Family members and close friends will stay at the house of the dead person for seven days. They may go to work; they may not. They show their solidarity by staying with the grieving family. On the third day there is a big prayer (this is apparently what I stumbled upon). On the seventh day there is another big prayer and after this family members will return to work.
The official time of grieving lasts for 40 days. Immediate family members should not have any celebrations- marriages are pushed back until after this time. The 40th day after the death, there is a big ceremony where the men pray at the mosque and the women cook a large meal for everyone who comes to show their respect for the dead.
I asked about the expression “I sold you the news”. My friends agreed that I had translated it correctly but it is simply an expression that means, “I share in your suffering; we are together.”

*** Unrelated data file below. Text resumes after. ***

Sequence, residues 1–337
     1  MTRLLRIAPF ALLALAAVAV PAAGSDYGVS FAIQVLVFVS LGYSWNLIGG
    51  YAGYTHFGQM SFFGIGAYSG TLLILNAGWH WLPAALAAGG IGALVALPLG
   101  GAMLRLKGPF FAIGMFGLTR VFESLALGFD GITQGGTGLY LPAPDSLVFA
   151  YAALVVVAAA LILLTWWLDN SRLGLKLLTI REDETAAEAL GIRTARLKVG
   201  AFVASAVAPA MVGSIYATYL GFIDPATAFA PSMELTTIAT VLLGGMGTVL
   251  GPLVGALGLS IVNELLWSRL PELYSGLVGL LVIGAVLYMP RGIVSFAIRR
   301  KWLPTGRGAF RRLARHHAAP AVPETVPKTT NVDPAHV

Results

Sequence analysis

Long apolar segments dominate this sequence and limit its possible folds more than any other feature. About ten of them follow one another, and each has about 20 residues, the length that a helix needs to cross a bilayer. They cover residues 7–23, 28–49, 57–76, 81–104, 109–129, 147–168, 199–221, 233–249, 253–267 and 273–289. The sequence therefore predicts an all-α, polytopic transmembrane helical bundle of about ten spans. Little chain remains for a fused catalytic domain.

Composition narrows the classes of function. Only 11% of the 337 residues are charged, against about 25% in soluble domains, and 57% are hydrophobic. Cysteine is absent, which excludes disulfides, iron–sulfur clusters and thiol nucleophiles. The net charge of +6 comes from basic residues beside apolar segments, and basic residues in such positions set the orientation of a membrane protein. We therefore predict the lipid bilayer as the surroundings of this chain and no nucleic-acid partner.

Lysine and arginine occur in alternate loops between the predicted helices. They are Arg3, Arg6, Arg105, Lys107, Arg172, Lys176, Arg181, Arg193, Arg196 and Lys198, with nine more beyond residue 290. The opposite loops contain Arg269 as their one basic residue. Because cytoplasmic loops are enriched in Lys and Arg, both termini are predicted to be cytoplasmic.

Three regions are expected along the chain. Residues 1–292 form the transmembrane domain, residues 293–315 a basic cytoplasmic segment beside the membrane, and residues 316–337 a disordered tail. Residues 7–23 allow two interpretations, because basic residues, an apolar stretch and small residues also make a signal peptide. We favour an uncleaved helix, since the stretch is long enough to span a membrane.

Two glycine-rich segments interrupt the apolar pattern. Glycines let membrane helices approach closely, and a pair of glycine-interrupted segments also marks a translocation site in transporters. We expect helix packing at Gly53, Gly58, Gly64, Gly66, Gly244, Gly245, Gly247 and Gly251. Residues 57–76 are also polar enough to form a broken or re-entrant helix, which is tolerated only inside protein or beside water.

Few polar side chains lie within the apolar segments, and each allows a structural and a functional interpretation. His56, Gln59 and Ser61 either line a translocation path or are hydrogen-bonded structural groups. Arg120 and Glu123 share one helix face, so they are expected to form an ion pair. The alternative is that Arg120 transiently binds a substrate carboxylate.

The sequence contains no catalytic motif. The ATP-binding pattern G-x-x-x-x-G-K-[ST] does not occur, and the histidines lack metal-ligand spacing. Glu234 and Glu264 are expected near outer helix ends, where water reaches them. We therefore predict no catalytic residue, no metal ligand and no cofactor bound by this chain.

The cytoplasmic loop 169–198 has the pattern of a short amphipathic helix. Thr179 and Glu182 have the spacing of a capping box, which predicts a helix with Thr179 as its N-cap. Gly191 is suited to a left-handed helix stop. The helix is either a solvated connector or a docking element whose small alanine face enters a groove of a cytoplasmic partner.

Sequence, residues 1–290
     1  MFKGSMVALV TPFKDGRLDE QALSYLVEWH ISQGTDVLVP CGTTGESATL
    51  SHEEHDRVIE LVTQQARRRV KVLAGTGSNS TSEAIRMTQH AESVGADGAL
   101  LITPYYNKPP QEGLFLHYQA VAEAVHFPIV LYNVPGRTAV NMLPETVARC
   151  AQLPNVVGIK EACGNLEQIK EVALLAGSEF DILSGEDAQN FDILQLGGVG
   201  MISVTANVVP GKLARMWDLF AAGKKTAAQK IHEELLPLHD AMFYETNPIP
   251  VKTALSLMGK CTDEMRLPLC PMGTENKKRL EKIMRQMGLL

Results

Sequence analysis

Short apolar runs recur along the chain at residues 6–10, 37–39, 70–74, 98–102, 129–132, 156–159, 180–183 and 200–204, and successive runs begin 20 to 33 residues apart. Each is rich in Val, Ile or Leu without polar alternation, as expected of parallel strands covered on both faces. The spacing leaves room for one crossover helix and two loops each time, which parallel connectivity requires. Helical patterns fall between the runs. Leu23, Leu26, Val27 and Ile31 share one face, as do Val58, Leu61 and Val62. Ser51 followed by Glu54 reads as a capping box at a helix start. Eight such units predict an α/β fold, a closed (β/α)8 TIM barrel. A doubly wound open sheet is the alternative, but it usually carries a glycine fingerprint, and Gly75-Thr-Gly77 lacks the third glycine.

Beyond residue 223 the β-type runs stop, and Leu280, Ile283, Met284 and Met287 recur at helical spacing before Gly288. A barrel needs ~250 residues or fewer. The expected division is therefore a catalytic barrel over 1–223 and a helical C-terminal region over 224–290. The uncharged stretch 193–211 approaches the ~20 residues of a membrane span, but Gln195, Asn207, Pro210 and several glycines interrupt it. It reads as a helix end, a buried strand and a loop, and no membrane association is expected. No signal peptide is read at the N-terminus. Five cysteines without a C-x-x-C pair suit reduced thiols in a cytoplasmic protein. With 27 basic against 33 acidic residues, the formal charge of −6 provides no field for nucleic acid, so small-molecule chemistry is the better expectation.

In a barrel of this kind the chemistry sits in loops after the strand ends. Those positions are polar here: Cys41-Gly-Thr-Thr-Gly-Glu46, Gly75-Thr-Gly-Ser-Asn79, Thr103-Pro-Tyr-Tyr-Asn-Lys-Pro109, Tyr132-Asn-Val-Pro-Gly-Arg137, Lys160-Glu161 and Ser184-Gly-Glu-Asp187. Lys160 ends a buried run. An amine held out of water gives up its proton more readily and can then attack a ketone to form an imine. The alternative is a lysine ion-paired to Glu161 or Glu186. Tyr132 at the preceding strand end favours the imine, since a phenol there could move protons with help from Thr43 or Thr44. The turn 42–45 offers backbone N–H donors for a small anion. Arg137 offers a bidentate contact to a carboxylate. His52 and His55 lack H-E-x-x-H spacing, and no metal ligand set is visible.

I asked if it was ok to cry. When I lived in Guinea I learned that public displays of emotion, especially crying, was very frowned upon. Women wailed during the funeral procession but that was it. My friends said, yes, it’s ok. Is it ok for men to cry? Yes, sometimes men cry. But it’s much better if they don’t. If the person died, it is God’s will. Therefore, you show your piety by accepting the will of God. Crying and open grief shows that you do not agree with God’s will and that isn’t a good thing.
Just a few short weeks later Mable’s brother or sister (or maybe cousin, or possibly close friend) died. The local word is non-specific. She asked me to go with her to visit the grieving. I agreed, feeling more prepared this time.